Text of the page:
Here above is the original jury rig – which worked as expected and below, here’s what dopey did when he wasn’t paying attention:


So that was going to be a bit of a face up – and just when I thought it was all going so swimmingly. I’m beginning to recall that one of the things that I’d listed (mentally – big mistake) as perhaps needing to be done was to turn through 90 degrees one end of the link to accommodate the reversed ball on the drop arm. Whatever… the lesson learnt was that if I start a job, it’s best I finish it before I get distracted. As it turned out, the alteration was relatively painless and involved only reversing the drop arm and refitting the ball in the other side of the socket; this took no more than an hour early on Sunday morning and thankfully, it didn’t involve an alteration to the drag link itself.

As it should be

But I’m getting ahead of myself. I was also up early on Saturday morning; a distractingly beautiful dawn was an invitation to take to the lanes in the Austin which is running so well after the rebuild and the fitting of the water pump. We bowled along at 45 – 50mph and even on a trailing throttle, it felt like there was bags to go.


There was a slight misfire which disappeared with the application of a small amount of choke – indicating a weak mixture – so I stopped and wound out the jet nut a couple of flats to take care of things and Learned Counsel and The Navigator had a trouble-free run to Snetterton for the last of the season’s VSCC races on Sunday.

Racing at Snetterton

Just like last year, Snetterton was a tremendous spectacle, marred only by the news that a driver had died after being involved in an accident in the morning practice session. Despite this, the remaining competitors put on a grand show and there was a lot of spirited racing, much appreciated and applauded by an excellent turn-out of spectators.

But that’s enough distraction, I’ve got to get on.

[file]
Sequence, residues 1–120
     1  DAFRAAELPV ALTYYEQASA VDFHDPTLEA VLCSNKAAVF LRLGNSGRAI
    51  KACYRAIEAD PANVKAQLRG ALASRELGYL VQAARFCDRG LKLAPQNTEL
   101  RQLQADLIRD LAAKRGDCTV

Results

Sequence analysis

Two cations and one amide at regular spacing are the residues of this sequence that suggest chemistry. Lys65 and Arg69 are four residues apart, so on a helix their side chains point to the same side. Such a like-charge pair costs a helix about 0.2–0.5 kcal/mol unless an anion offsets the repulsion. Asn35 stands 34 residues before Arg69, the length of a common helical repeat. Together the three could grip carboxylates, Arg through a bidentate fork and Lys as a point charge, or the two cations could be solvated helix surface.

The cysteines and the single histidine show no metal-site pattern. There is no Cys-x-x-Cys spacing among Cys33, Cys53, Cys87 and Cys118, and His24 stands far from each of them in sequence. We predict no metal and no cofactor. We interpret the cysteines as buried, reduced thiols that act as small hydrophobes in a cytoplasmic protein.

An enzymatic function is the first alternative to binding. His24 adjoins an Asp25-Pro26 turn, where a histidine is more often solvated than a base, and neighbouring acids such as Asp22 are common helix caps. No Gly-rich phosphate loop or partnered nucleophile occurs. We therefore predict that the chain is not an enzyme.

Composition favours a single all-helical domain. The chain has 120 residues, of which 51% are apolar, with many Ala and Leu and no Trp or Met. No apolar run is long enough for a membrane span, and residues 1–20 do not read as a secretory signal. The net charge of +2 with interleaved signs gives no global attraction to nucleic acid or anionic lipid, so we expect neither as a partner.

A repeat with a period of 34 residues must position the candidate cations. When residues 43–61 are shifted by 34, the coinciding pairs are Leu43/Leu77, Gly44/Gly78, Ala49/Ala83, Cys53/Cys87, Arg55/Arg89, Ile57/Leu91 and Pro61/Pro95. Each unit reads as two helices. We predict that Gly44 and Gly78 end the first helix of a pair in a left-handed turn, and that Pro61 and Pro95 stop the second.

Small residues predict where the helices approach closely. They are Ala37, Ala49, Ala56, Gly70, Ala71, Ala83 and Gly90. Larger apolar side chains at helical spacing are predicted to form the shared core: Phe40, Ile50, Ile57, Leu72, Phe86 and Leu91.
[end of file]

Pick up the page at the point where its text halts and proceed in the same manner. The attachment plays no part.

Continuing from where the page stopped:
The Interesting Bit.

I’ll probably be cursing about it in a few weeks but I’ve made a start on the bodywork.

Bodywork begins

It may not look much but it’s a bit of a giant leap when you put up the first piece of cardboard. Immediately things you fretted about fall into place – the 3-dimensional tangle you had in your head unravels and you see that it’s not as complicated as you first thought (I was concerned about the pedal travel, especially the clutch and how it might go too far into the engine bay). The other thing I was concerned about was the flow of air through the bay and out under the floor. I think I got this a bit wrong with the Austin and ended up cutting great chunks of metal out of the returns on the side panels and adding louvres on top of the bonnet. I don’t think it’s helped particularly and the real problem is more likely to be the lack of a seal around the radiator – something I shall address when it goes back together again.

I shouldn’t be having the same cooling problems with the Hillman. I pulled an old thermostat from one of the spare engines, cleaned it up and tested it. It’s an 82 degree one and I suddenly had a thought; if these engines are a bit prone to burning out valves because of cooling problems, why don’t I fit a 74 degree thermostat and it’ll open earlier…. Good thinking Batman but it don’t work like that. The engine’s still going to heat up past the 74 degree mark isn’t it? Oh, yes. I had a quick chat with Pro Alloy (the chaps who built my fabulous radiator) and they’re sending me an electric fan (the mounts are already on the core) and an inline switch for which I can cobble up a pipe and union and put between the thermostat and the radiator inlet. I did that on the Austin… I think that was one of my first pieces of TIG welding and it didn’t, and hasn’t leaked – beginner’s luck!

Austin temp guage pipe

In fact, if the radiator is especially efficient, it might be that the engine’s going to run too cool. That’s the sort of problem you want, according to Learned Counsel.

I spent most of the weekend on detail work and finishing up jobs I’d left because there was something more interesting to get on with. You can do only so many split pins before dark thoughts begin to blur your vision….. but the job is done and the cable side of the brakes is finished, as is all the gear-change linkage.